Excellent post! However, Gaiman did point out on his blog that the word f/ggot was in a book 30 years ago and that he has evolved somewhat. (Not an exact quote because I can’t locate the post right now). I haven’t read the book but have only seen the series.


    • Keaton Coleman says:

      whichever post you’re referring to (I can think of a couple off the top of my head) I’ve undoubtedly seen lol, and I agree that it’s good he’s evolved in that way at least—although from what I hear they left in at least one g*psy and, to be honest, the added moments of people thinking they’re together makes me wary all over again. my grief is with the fact that they took pains to change that, and to add more ~subtext, but still stopped short of just going for it. two more steps further and I would’ve been fine. …and also less lines easily seen as jokes about isn’t it funny how everyone thinks they’re gay pls.

      (it was twice in the book btw, once a kid at the birthday party levels it at aziraphale and the other newt uses it in the olde witchfinder bundle of sticks meaning but an american soldier takes it in the homophobic way. both good deletions! gold star for effort, neil.)


      • madfashionista says:

        Interesting! What do you think the next two steps should have been?

        I dwell in a few fandoms (the sane ones, I hope). The GO explosion has come in part because for once a male couple is shown as a couple. Not 100%, but enough that shippers can absolutely go nuts because the subtext is pretty much text.


      • Keaton Coleman says:

        my personal feeling is that if they were going to eventually claim it was written as a romance (which gaiman does, though his posts, etc leading up to it continued to insist a relationship between the two was merely fannish interpretation) they should have just made it explicit—take it out of the subtext and make it full on text. as it stands, the added nudges and subtext and so on read (to me, but to a fair number of others too) as hedging their bets: leaving plausible deniability for homophobes and so on while claiming to the receptive fans craving representation that they were on our side all along, wink nudge et cetera. I think if they knew they were going to say they wrote aziraphale and crowley as a romance that should be made clear in the text, with no room for interpreting otherwise, and no reliance on post hoc author comments. toss me some physical affection (which was abundant in the book and they cut?) or an “i love you” or two. no holds barred, baby!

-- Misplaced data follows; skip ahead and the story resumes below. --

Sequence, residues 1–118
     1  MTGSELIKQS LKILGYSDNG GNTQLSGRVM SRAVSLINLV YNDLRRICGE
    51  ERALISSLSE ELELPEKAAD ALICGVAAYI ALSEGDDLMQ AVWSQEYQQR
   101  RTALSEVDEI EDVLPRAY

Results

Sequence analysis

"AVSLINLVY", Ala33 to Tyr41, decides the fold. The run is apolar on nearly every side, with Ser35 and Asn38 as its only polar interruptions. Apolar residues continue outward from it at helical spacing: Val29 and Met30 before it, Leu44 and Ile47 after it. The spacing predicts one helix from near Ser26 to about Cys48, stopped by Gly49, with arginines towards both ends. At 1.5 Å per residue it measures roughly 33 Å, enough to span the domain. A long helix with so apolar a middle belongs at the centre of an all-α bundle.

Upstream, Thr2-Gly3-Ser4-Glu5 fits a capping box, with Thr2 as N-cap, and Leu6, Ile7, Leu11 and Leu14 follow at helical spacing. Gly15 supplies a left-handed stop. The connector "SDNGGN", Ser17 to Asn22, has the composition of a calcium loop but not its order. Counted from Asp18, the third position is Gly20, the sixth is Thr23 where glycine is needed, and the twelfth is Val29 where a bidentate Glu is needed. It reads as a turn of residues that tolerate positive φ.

(which is not to say that subtle, nuanced gay stories shouldn’t exist, but in this specific case I think that knowing how the fans already reacted to the novel and taking the credit for such a great subtextual romance, if gaiman was going to make it text I would want it to be. actual text.)

        I too dwell in a few fandoms, one of them being GO, which I’ve been in since I read it uhhh almost six years ago? that sounds right. that’s the way the fandom’s always been, albeit on a smaller scale, and we’ve been going nuts with the subtext-that’s-pretty-much-text already lol. I don’t think I’d go so far as to say that the series is a male couple shown as a couple (again, that plausible deniability bugs me) but yeah, of course (mostly queer) fans love finding material they can ship (again mostly queer). but to me the way the show was marketed and the way it’s been painted reads more as queerbaiting than just, y’know, promoting a story that happens to be queer. and I guess the abundance of new fans don’t share that issue but as one of the old guard (I guess? older, at least—I’ll save old for the early 2000s livejournal folks who came before me, and I mean that lovingly) I had higher expectations for the new, supposedly improved 2019 edition.


  9. madfashionista says:

    My god, you are so brilliant. I wish this was the place for a lengthy, nuanced discussion of gay relationships/’queer-coded’ relationships in fandom! House/Wilson was all over the place, as was Boston Legal (although they got married in the end). My latest obsession has been Jeeves and Wooster. I’m cis het, as is my spouse, who shares my feelings (please don’t read that as “some of my best friends” etc.). The whole text/subtext/death of the author subject fascinates me.